Shah Ielah reacted to the tragedy as did Artemisia on the death Mausolus. He was so inconsolable that it was feared he would die of grief. In fact he never recovered from the shock, although he did rouse himself because he wanted to venerate the memory of his wife, with a suitable monument. The greatest thing he did during the rest of his reign was to build the Taj Mahal. As a site he chose a high bank of the Yumna River, one of the holy rives of Hundustan, where it bends around at Agra. He summoned the finest architects and craftsmen from all over his empire and had them submit plans for the proposed buildings. The Portuquese Iesuists in Agra reported that the man who won was a Venetian Geronimo Verroneo, and that this Westerner actually erected the Taj. But that story has been rejected by some later scholars on the grounds that the building shows no European influence. Other accounts name a Turk or a Persian.
The basic material used was wite marble, with the wall and gates of red sandstone, a colour scheme, that has the remarkable effect of showing different tints at different times of the day. The building stands on a 186-foot square with the angles cut to form on octagon. Beneath it is a raised marble platform, extending all around and marked by delicate minarets at each corner. Above swells the great dome, about two thirds of a sphere, surmounted by a crescent and flanked by smaller domes, each of the walls is cut by arches of a similar but not at all mono fonous pattern, rather, they contribute to the unity of the whole, Light enters through marble screens.
There is an old saying that “The Moguls built like titans and finished like jewelers”. The Taj Mahal proves the truth of the remark. Looked from a distance, its appearance is indeed dreamlike, with a grare and balance that make us wonder how human beings ever achieved so miraculous a result from marble and sandstone.
After Shah Jehan the Mogul Empire had no place to go except downward. This great ruler lived to see the first bitter fruits of failure, for his sons rebelled against him, and the one who came out on top, Aurangzeb, deposed him and threw him into prison.
Then Aurangzeb moved the capital of the Mogul Empire from Agra to Delhi. For seven years Shah Jehan remained in a cell in the fort at Agra, protesting against the unfilial behaviour of the new emperor, and spending much of his time gazing across at the Taj Mahal where the symbol of his best days lay Buried. Shah Iahan died in 1658 and finally left prison to lie by the side of Mumtaz Mahal in her glorious tomb. Aurangzeb maintained his throne for fifty years, the last Mogul of any consequence. On his death in 1767 fierce fighting among his sons broke out. Final ruin came in 1739 when the powerful king of Persia, Nadir Shah, invaded Hundustan. From then on the Mogul Empire of Akbar, Yahangir, and Shah Jehan, was but a memory, but it had left behind a colorful page of history climaxed by the enduring monument that attracts and charms visitors to this day that wonder the modern world, the Taj Mahal.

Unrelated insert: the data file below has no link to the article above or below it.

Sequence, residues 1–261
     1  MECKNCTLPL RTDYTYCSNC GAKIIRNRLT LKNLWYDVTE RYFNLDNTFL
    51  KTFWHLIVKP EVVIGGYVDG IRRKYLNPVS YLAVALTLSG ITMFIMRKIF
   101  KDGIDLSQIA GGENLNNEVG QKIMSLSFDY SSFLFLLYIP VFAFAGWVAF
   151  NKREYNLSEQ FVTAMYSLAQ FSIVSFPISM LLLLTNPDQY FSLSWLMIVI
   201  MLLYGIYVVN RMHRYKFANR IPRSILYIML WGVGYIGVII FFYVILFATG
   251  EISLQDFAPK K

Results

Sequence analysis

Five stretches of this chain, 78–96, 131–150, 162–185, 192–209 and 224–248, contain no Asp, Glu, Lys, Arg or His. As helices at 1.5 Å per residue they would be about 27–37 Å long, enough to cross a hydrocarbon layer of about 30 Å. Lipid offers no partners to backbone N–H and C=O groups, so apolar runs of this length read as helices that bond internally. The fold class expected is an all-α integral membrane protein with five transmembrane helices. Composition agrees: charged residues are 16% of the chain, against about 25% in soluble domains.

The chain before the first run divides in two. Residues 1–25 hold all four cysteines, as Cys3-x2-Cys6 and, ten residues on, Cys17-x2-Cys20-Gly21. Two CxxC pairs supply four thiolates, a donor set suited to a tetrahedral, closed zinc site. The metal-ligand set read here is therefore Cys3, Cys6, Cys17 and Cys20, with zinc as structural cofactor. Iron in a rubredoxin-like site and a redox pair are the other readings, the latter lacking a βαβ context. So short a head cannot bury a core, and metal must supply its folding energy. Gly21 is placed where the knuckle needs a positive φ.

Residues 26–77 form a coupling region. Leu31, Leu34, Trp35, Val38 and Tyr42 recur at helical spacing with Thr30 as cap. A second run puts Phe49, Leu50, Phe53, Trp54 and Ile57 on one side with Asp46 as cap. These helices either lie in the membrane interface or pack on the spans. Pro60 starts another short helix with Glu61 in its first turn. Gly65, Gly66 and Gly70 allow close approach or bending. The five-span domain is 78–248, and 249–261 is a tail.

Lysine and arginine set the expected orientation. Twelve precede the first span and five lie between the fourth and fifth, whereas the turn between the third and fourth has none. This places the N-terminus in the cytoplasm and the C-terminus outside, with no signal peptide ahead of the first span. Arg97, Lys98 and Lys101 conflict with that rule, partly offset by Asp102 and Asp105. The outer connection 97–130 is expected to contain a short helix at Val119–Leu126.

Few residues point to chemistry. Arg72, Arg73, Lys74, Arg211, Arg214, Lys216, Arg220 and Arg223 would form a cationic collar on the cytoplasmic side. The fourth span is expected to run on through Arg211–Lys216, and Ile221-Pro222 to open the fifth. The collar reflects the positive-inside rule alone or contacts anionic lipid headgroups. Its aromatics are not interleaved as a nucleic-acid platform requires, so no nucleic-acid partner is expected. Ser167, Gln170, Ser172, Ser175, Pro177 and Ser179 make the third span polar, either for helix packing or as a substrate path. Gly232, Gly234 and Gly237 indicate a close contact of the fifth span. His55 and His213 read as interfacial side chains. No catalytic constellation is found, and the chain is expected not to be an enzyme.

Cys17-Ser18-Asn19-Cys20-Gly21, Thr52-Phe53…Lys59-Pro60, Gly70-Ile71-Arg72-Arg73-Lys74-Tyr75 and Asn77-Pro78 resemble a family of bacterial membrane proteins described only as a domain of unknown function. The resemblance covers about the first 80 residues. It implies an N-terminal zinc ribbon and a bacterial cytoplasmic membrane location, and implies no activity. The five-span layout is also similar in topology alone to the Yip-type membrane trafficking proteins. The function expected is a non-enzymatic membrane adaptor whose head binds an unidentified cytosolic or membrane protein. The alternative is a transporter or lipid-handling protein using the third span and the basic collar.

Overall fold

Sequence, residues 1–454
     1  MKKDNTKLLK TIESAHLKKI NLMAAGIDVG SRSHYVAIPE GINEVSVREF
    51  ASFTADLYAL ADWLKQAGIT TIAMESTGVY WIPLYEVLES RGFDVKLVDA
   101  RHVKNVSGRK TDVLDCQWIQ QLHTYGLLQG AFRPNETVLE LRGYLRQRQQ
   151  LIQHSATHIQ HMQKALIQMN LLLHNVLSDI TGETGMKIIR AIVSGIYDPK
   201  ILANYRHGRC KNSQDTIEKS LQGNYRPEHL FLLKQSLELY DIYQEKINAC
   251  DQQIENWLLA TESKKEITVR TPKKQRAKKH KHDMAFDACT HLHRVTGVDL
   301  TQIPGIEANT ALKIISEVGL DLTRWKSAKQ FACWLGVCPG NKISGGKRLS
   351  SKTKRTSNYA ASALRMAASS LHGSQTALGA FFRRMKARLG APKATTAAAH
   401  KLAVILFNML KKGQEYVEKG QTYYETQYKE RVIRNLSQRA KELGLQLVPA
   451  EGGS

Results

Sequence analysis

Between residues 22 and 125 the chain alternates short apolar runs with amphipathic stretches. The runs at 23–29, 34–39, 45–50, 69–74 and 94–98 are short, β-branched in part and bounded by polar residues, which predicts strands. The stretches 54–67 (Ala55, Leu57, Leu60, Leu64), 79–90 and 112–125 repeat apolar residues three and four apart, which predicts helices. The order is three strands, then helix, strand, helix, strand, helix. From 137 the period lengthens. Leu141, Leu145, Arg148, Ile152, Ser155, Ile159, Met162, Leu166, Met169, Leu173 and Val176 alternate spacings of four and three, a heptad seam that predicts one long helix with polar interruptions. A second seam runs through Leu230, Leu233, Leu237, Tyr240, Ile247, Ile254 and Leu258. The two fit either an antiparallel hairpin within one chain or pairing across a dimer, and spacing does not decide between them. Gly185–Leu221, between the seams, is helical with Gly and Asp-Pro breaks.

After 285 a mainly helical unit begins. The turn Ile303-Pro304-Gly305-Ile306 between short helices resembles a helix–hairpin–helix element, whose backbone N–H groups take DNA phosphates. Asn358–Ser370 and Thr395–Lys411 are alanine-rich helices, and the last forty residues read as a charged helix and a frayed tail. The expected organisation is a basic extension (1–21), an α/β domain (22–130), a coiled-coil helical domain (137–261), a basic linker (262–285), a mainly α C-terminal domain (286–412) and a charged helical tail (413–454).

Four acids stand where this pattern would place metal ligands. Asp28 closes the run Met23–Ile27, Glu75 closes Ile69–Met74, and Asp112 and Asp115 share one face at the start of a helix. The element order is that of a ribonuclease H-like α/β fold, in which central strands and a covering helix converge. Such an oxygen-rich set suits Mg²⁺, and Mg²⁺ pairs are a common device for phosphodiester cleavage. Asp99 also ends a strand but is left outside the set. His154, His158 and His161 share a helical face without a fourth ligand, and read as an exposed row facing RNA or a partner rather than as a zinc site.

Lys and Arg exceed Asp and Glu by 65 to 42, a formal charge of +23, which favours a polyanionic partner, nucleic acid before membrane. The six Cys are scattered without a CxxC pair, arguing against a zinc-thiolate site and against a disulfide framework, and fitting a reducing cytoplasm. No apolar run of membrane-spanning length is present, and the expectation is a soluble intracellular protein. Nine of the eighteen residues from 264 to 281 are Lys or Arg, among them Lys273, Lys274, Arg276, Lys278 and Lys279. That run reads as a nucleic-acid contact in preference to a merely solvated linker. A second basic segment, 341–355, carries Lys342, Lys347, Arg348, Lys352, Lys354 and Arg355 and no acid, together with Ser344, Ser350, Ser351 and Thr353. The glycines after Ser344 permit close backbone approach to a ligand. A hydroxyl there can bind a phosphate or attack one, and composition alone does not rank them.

But India is famous not only for this monument of art – It has other wonderful masterpieces of architecture.
Art of India
Indian civilization was one of the oldest and most original in the East. Her contribution to world culture was great. In the ancient times, India was famed for her wonderful miracles, vast natural resources and craft works.
In the 3rd
century b.c. almost the whole Hindostan peninsula and some neighbouring countries, were united into one gigantic empire under the powerful king, Ashoch (273).
Only stone edifies in that period have survived till nowadays: temples and cells, stone-shrines. Shrines were erected of brick and stone in the form of hemisphere, surrounding by the fence with 4 gates in it.
Stone statues served as adornments of architecture and more often were created in the form of scenic relief. Motions, gestures and poses of the people on the relief are extremely expressive and graceful. That was under the influence of the dance art, widely spread and popular in India.
Religious architecture of the Ashoch period is represented by cave complexes and temples. Such temples were usually carved in the picturesque and secluded places out of the solid rock massif. Excavations in the North – West India brought the discovery of the wonderful statues created in the 1st
century a.d.. These were mainly the statues of Buddha. Influence of the Greco-Roman art was great here.
Figures of Buddha resemble much statues of the Roman emperors and some of the Greek gods. They were made by Greek masters who lived in Indian and adopted Indian religions. Later on the Indian apprentices of Greek masters started sculpting Buddha according to the notion of the Indian people: sitting with his legs crossed. Period of the blossoming Indian culture dates back to the 4th
centuries a.d. Remarkable specimen of the ancient Indian painting have survived in Buddhist temples and monasteries in Adjanta. Walls, ceilings, pillars in these temples are painted with the scenes from Buddhist legends and are decorated with statues and carving. Murals in Adjanta are the visual encyclopaedia of life of the ancient Indian people.
The Indian civilization was one of the oldest and most original in the last. Its contribution to the culture of human kind is immense. At a very early stage, ancient India maintained close cultural contacts with many countries of the ancient Orient and with the Greco-Roman World.
Ancient traditions are highly viable in India and it is therefore not surprising that many achievements of the ancient Indian civilization long outlived the epoch of antiquity becoming an important component of the country’s modern culture and of world civilizations.